Characterization of Mainstream Cigarette Smoke-Induced Biomarker Responses in ICR and C57Bl/6 Mice

Authors: Obot, Chrysanthus1; Lee, K.2; Fuciarelli, Alfred2; Renne, Roger2; McKinney, Willie3

Source: Inhalation Toxicology, Volume 16, Number 10, 2004 , pp. 701-719(19)

Publisher: Informa Healthcare

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Abstract:

Pulmonary emphysema is a major component of the morbidity and mortality of chronic obstructive pulmonary disease (COPD). Currently there are no predictive biomarkers for COPD. Initial steps toward identifying potentially predictive biomarkers involve utilizing well-characterized mainstream smoke (MS) exposure conditions (dose-response) to identify changes in biomarkers of effect (inflammation, tissue injury, oxidative stress) in emphysema-susceptible and -resistant mouse strains. C57Bl/6 mice have been reported to develop emphysema when exposed chronically to cigarette smoke, while similarly exposed ICR mice do not. Male C57Bl/6 and ICR mice were exposed 2 h/day for 7 consecutive days to MS from a standard reference cigarette (2R4F) at 75, 250, and 600 μg total particulate matter (TPM)/L or filtered air. To confirm exposure, blood samples were collected toward the end of the last exposure and analyzed for carboxyhemoglobin, nicotine, and cotinine. Bronchoalveolar lavage (BAL) fluid samples were collected 2 or 12 h postexposure and analyzed for biomarkers of effect. MS dose differed slightly between strains. More necrosis was observed in nasal epithelium of exposed C57Bl/6 mice. Exposure concentration-dependent increases in apoptosis, chemokines, and neutrophil counts were greater in ICR mice. Similar increases in thymus and activated–regulated chemokine were only observed in C57Bl/6 mice. BAL fluid cells of C57Bl/6 mice appear to undergo necrosis, while the BAL fluid cells of ICR mice appear to undergo apoptosis following MS exposure. Utilizing two strains of mice we identified MS-responsive biomarkers of effect that may be predictive of COPD pathology. Chronic MS exposures are needed to link these biomarkers with emphysema.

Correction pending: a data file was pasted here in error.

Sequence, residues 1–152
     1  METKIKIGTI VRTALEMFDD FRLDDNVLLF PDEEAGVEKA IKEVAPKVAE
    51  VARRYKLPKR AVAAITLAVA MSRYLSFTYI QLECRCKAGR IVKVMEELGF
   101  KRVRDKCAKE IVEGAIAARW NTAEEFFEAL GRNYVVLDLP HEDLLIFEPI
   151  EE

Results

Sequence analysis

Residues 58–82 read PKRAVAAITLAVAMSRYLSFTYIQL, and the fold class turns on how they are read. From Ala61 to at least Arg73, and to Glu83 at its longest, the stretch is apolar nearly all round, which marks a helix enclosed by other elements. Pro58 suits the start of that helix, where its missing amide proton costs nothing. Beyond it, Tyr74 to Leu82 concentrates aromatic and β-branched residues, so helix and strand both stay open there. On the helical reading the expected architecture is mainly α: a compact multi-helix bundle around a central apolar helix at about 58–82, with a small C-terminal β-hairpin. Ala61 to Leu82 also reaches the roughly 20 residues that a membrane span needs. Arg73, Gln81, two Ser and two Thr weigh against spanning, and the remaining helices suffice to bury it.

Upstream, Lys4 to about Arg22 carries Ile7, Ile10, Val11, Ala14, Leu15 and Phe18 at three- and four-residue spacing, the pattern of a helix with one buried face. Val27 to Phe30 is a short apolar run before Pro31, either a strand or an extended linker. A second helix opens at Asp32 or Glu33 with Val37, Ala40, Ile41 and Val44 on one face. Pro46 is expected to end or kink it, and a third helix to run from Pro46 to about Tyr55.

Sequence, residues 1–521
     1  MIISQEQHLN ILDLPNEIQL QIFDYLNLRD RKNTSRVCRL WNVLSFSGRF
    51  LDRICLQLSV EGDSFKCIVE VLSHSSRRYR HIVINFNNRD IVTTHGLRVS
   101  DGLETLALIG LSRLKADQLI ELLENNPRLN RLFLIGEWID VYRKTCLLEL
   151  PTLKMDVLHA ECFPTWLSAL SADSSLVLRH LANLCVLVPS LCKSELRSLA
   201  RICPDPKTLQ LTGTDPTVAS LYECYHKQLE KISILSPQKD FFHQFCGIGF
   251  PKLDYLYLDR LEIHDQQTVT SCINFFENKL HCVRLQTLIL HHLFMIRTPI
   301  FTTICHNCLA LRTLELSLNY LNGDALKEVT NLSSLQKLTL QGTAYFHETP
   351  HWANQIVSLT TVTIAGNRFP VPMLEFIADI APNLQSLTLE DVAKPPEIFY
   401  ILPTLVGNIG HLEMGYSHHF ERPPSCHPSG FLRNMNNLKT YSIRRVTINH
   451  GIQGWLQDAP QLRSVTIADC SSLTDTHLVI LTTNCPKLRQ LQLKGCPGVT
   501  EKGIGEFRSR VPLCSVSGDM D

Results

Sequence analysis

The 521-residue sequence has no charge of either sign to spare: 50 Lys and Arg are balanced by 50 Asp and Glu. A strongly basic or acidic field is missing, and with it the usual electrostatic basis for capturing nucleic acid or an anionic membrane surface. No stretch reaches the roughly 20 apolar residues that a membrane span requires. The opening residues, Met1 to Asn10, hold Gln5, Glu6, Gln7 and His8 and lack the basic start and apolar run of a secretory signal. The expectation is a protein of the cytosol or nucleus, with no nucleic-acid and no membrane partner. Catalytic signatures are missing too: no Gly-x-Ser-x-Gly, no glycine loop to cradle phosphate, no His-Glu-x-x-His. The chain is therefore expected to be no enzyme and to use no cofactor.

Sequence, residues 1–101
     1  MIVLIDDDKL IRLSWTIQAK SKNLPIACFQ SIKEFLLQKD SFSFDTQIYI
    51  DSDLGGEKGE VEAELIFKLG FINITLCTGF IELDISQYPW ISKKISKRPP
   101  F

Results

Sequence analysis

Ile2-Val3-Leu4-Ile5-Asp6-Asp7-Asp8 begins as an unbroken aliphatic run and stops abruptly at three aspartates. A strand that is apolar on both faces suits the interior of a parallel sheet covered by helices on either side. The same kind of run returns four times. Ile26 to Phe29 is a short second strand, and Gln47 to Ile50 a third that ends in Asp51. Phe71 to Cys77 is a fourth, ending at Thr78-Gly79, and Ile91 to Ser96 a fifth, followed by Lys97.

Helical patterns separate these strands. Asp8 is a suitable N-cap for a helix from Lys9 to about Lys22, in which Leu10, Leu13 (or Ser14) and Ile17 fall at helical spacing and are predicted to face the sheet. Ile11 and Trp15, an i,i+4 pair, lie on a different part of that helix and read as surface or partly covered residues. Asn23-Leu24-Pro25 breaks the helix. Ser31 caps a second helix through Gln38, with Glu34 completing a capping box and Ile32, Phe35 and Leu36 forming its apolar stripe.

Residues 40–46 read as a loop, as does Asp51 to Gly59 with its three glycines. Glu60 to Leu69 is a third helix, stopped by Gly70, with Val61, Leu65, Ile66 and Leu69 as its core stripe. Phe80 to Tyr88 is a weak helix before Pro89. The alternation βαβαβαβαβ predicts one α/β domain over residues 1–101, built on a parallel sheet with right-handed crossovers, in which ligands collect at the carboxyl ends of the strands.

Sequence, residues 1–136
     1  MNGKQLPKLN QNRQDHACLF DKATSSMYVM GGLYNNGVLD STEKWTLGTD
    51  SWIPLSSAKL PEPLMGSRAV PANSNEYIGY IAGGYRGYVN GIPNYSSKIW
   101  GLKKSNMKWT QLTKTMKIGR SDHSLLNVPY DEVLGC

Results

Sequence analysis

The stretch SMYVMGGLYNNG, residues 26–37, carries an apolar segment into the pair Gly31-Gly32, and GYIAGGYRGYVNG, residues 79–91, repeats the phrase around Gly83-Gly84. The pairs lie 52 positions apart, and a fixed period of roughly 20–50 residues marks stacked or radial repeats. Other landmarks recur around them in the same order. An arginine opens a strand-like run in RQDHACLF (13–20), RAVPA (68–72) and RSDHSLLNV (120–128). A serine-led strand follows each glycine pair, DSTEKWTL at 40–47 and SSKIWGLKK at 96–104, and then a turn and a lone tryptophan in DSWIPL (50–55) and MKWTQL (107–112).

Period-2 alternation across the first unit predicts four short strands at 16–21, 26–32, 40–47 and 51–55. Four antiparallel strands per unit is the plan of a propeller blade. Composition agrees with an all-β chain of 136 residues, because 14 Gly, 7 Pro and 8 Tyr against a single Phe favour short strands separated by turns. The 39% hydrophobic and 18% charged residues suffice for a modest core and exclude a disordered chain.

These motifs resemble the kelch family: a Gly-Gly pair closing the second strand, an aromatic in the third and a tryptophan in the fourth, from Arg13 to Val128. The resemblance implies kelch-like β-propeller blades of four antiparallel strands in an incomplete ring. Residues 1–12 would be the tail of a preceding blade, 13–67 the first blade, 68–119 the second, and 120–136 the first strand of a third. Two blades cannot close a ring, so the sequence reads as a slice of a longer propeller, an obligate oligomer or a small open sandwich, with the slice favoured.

Document Type: Research Article

DOI: http://dx.doi.org/10.1080/08958370490476604

Affiliations: 1: Philip Morris USA Postgraduate Research Program, Richmond, Virginia, USA 2: Battelle Toxicology Northwest, Richland, Washington, USA 3: Philip Morris USA Research Center, Richmond, Virginia, USA

Publication date: January 1, 2004

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